Sunday’s Child

rope into lake

The child that is born on the Sabbath day is bonny and blithe, and good and gay.

Sunday’s child is thus the child of repose—and so whether you’re looking to take your “Sabbath,” your sabbatical or just a nap, Sunday’s child is the kid for you.

Children are great teachers—every day of the week.  And the idea of a child born (i.e. labored into being) on a day of no labor (given that the Bible story says that painful childbirth is a punishment for tasting from the tree of knowledge…) suggests a redemptive aspect of Sunday’s child. 

Why might “honoring the Sabbath and keeping it holy” be a “commandment” for living?  This notion came down long before labor laws and the industrial revolution, and perhaps it serves us to consider the non-religious potentiality in a pause.  While we value a work ethic, work without break threatens to render all work meaningless; like ingesting without digesting, life cannot nourish us if we never slow down enough to take it truly in. 

A traditional yoga practice ends in “shivasana,” (or “corpse pose”) where the yogi just lies on their back in total relaxation, working to empty the mind; this is when all the work of the preceding poses can be absorbed, revitalizing our bodies, minds and spirits.  Thus Sunday’s child carries the torch for taking a break and letting it all go.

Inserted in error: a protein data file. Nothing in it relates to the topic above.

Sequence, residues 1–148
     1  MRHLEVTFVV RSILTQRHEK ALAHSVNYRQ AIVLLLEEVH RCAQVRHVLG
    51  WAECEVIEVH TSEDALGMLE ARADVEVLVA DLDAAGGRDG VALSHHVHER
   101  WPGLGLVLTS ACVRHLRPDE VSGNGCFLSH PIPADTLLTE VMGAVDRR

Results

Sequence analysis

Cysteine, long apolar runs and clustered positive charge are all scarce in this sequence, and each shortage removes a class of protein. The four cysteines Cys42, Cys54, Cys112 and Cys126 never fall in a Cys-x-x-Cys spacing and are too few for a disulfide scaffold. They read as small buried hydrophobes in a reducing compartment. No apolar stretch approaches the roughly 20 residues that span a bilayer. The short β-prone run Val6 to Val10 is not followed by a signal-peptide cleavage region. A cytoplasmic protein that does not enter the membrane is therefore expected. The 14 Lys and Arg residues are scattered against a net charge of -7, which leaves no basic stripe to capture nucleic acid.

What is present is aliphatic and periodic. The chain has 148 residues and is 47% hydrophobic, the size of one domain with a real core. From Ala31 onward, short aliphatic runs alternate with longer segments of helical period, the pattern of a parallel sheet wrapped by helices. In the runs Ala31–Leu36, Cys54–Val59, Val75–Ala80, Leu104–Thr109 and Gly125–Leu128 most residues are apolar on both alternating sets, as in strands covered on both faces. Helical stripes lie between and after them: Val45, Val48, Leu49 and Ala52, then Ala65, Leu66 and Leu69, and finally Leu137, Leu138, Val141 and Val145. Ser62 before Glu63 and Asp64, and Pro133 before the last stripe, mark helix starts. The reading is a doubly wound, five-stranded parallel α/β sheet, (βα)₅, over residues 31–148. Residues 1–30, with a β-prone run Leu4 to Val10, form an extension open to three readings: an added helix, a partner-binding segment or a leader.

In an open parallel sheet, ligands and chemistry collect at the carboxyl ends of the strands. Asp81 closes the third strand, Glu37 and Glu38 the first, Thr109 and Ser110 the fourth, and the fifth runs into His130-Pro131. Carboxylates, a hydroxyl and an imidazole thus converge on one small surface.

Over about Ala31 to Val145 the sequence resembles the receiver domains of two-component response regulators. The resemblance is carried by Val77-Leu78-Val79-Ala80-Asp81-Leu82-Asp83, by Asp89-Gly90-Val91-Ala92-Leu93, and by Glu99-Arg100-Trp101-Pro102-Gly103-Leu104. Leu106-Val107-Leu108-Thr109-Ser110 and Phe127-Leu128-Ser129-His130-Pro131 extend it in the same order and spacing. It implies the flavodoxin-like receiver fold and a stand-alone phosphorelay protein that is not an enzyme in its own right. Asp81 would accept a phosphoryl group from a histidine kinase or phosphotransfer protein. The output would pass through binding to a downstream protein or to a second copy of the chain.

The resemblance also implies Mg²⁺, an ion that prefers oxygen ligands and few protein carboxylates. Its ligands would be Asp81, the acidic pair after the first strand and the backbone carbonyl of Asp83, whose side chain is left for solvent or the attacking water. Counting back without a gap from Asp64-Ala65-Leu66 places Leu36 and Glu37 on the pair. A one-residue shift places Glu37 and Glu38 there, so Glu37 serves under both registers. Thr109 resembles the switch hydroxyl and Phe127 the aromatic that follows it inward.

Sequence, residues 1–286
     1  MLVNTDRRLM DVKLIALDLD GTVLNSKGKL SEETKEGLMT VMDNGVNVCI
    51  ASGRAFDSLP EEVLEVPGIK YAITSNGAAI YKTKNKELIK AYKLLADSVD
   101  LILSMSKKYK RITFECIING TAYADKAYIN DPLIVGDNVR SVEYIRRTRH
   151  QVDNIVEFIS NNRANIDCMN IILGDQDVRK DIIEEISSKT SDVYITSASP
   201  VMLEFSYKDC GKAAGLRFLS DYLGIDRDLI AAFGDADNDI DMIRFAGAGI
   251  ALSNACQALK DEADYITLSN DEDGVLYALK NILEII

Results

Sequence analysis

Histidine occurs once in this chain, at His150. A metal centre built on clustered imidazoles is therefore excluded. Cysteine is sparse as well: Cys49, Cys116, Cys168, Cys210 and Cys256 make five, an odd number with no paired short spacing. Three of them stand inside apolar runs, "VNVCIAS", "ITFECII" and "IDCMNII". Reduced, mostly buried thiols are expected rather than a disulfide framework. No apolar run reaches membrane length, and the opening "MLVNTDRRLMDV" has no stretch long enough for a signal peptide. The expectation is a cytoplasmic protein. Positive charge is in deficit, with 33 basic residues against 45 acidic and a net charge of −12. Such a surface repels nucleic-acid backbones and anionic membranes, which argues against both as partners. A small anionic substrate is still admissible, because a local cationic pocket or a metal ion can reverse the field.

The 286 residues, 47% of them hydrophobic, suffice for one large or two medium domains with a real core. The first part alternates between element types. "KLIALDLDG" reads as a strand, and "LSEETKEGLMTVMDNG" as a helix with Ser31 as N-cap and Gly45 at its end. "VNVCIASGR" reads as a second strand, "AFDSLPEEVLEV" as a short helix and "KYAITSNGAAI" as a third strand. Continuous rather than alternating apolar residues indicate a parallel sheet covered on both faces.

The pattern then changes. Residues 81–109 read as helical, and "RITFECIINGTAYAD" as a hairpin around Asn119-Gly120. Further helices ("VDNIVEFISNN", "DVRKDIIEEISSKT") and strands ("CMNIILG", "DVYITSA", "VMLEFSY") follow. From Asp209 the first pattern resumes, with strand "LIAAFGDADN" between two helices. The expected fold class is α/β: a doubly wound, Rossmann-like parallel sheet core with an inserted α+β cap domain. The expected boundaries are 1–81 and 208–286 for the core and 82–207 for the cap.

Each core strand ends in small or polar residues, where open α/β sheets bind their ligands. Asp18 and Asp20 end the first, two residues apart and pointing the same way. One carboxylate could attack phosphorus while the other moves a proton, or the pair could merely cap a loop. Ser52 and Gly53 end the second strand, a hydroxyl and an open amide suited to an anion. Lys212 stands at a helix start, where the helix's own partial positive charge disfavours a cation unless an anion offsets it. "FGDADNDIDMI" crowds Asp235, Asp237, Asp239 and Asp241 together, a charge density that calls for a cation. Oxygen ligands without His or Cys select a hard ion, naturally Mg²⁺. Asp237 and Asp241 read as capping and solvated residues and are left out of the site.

Yet being still can be a challenge for some of us, as the things that might otherwise be kept at bay by our busy schedules (such as feelings of loneliness, or emptiness) can come looming up to meet us when we stop… and yet if we can learn to successfully be empty, we ironically increase our ability to be full and abundant.

Beyond an archetypal creation story followed by a cosmic caesura (i.e. God “resting” after all that work of creating the universe) Sunday’s child may help us realize that our kids are like little Buddhas, achieving stillness at their block building or in the fantasy world enveloping them in the tub, and offering to help us return to our primordial state of authentic being (and not only “doing”).

Martin Buber, who claimed that relating to the sacred in each other is “the essential deed” of life, must be one of Sunday’s children.

So let’s dedicate today to hanging out, to relating by seeing the subtle beauty in what just is—free of fear that something is all wrong, free of desire to change things.  This means not improving ourselves or our children, but trusting that today is a good day to take the world as we find it—in honor of being our best Selves and out of love and gratitude for all our collective children.

Namaste, Bruce



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